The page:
Chinese investment in South Africa provides employment for local people (SHEN LU)
The South Africa Investment Conference held on October 25-27 in Johannesburg was seen as an overwhelming success. The first of its kind in the country, the event generated announcements of investment totaling $20.1 billion. That pledged amount will in turn yield thousands of jobs for the people of South Africa. This has brought the country one step closer to achieving its target of securing $100 billion in the next five years to drive economic growth.
According to insiders, the conference, as well as the investment drive, has helped enhance investors' confidence and conveyed the strong message that South Africa is a competitive and proven investment destination that cannot be missed.
The conference, which aimed to attract over $100 billion in new investments over five years, is part of the country's strategy of stimulating economic growth and creating jobs.
It is one of the three catalytic moves South Africa has taken in driving the strategy since Cyril Ramaphosa became the president of South Africa in February 2018 - the other two being the Economic Stimulus and Recovery Plan and the Jobs Summit.
South Africa has, in recent years, been confronted with some severe challenges that have impeded economic growth.
Figures from Statistics South Africa show that in the past 10 years, the unemployment rate in South Africa has increased from 21.5 percent to almost 28 percent.
Experts say with the release of the negative GDP growth in two consecutive quarters, South Africa has actually entered a technical recession.
The announced total of $20.1 billion is in addition to pledges of over $27.7 billion that South Africa has received from several countries over the previous six months.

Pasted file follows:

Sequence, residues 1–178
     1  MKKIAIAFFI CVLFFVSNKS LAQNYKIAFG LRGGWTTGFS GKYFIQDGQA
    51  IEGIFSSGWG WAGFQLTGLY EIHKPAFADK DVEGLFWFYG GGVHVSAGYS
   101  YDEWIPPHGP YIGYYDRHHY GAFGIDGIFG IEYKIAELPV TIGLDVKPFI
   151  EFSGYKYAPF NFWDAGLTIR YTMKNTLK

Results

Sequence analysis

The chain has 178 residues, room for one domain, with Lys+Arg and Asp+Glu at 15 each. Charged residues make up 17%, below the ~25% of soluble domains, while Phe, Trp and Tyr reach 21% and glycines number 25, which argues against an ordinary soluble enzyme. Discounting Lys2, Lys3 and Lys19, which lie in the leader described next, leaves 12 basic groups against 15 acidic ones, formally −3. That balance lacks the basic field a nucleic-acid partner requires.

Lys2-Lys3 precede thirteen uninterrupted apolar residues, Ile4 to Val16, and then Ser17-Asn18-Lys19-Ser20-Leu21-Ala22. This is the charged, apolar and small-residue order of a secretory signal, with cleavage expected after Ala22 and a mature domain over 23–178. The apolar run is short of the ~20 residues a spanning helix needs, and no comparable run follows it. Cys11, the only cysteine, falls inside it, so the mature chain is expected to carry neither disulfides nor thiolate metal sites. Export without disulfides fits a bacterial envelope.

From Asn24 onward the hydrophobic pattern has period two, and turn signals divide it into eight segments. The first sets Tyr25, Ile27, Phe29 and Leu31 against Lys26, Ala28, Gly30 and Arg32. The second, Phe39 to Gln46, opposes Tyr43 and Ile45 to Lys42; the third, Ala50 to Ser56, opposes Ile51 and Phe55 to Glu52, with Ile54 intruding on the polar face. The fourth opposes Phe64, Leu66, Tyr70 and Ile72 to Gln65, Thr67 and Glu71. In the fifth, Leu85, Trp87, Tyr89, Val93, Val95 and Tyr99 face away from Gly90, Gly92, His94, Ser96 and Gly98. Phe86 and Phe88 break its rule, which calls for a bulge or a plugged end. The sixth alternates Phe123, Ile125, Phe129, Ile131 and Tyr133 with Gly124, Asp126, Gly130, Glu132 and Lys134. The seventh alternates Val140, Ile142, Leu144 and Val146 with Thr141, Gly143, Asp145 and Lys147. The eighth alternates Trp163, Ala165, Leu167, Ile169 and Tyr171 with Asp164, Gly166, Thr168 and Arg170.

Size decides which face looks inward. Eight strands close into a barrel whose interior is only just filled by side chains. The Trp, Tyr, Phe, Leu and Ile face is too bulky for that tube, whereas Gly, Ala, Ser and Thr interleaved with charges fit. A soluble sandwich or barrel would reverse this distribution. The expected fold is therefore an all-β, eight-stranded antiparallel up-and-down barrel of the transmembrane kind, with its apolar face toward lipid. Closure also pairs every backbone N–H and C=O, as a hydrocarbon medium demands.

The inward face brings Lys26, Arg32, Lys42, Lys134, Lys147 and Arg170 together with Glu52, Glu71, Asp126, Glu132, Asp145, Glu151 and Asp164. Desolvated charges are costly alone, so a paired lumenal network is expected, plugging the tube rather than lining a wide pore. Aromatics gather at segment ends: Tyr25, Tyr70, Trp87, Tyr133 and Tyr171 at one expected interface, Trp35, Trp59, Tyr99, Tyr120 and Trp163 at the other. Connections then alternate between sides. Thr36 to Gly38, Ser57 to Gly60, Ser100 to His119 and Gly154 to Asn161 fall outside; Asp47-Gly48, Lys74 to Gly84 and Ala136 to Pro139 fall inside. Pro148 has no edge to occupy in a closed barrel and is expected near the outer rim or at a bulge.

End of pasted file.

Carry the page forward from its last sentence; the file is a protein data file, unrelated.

The Economic Stimulus and Recovery Plan launched this September has addressed problems that might affect investment in sectors like mining, oil and gas, tourism and telecommunications - all considered to have great potential for growth, according to experts.
The much debated 2017 draft of Mining Charter, which the Chamber of Mines of South Africa said would jeopardize the viability of an industry that is already under significant economic pressure, has been withdrawn and a new Mining Charter gazetted.
In addition new visa amendments, including agreeing visa waiver agreements with more countries, were announced this September in a bid to boost investment and tourism.
South African President Cyril Ramaphosa and Jack Ma, Chairman of Alibaba Group of China, at the South Africa Investment Conference (SHEN LU)
South Africa gives 10 reasons why investors should choose to invest in the country in the booklet The Case for Investing in South Africa, specially compiled for the investment conference.
The reasons given include that the country has rich natural resources, a young trainable labor force, affluent consumer base, favorable market access to other African countries and global markets, a mature and accessible legal system, advanced financial services, as well as world class infrastructure and logistics. Investors are encouraged to invest in agriculture and agro-processing, mining and minerals beneficiation, manufacturing, services and infrastructure sectors.